Others are expanding the concept. Lee Cruz, a director of community outreach at the Community Foundation for Greater New Haven and a member of the Chatham Square Neighborhood Association in Fair Haven, wants doctors to understand the realities of life in a poorer community. Physicians need to know the difficulties people face in obtaining fresh food, exercising, and getting to an appointment, he said. That requires more than handing out pamphlets and engaging people at a table for 30 seconds.
To that end, Cruz has worked with Yale to sponsor walking tours of Fair Haven for medical students and residents so they can get to know the neighborhood and its people. The tours have proven a big hit, he said. Cary Gross, M. The approach of focusing on specific diseases and identifying the best pharmacologic therapy—the biomedical model—has reached its limits, Gross said. Medical professionals must understand the lives of their patients if they are going to make a lasting impact on improving their health and well-being, he said.
When Cruz takes residents and students in the health professions on walking tours of Fair Haven, he starts along the banks of the Quinnipiac River at a memorial to the 29th Connecticut Colored Regiment, whose members served in the Civil War. He wants to remind the future doctors of the injustices that black men and others have faced in this country. One way that the foundation is tackling the problem is the Healthy Start Program that seeks to reduce the black infant mortality rate in New Haven. The program, which recently celebrated its 20th anniversary, has cut the infant mortality rate for black babies about in half, Harris said.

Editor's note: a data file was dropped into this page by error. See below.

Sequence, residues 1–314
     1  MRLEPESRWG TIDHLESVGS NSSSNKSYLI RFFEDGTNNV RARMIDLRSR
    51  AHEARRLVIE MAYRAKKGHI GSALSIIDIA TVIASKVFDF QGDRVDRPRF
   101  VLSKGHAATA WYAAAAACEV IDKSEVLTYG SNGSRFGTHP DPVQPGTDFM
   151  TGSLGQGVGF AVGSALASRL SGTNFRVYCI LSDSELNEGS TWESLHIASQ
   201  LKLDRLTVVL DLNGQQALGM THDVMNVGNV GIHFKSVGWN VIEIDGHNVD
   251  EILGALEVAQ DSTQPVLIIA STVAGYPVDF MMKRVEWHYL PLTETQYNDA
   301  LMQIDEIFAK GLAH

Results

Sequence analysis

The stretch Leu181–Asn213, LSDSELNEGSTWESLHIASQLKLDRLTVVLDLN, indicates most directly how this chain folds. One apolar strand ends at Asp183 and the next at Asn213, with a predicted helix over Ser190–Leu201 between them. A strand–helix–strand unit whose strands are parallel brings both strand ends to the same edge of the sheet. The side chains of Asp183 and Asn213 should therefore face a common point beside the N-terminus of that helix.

But the program, which accepts mothers of all races and ethnicities, has New Haven year seeking percent black participation, below its goal of 50 percent. The reason: blacks are less likely to engage with health care professionals. Harris attributes that to a long New Haven year seeking of medical professionals judging blacks. The dearth of black health care professionals—Latinos are more likely to encounter Latino doctors and nurses—is another factor, he said.
He attributes the stubborn inequity in outcomes at least in part to the legacy of racism. She became depressed and anxious, and her physician prescribed Xanax. She graduated to heroin and soon found herself a full-blown addict. The drug, she said, is everywhere. Luckily, Saunders got help. The center put her in treatment and on methadone, and she has been off heroin for two and a half years. Driving the problem is fentanyl, a highly potent cheap synthetic heroin, much of it from Mexico, that has flooded the region, Taylor said. In Fair Haven, Lagarde said her biggest concern is treating undocumented immigrants.
The neighborhood has the largest concentration of undocumented immigrants in the city, and they make up a ificant percentage of her clients. President Donald J. Whatever obstacles may lie ahead, Melendez is confident that Fair Haven will meet and overcome them.
In the early s, Maria Melendez, recently arrived from Puerto Rico, saw that there were no Spanish-speaking doctors serving her new neighborhood of Fair Haven. With others in the community as well as local groups, she launched a campaign that led first to nursing visits and then to the establishment of the Fair Haven Community Health Center. Looking at the big picture In the face of such challenges, health care professionals and researchers in New Haven have in recent years adopted a new approach.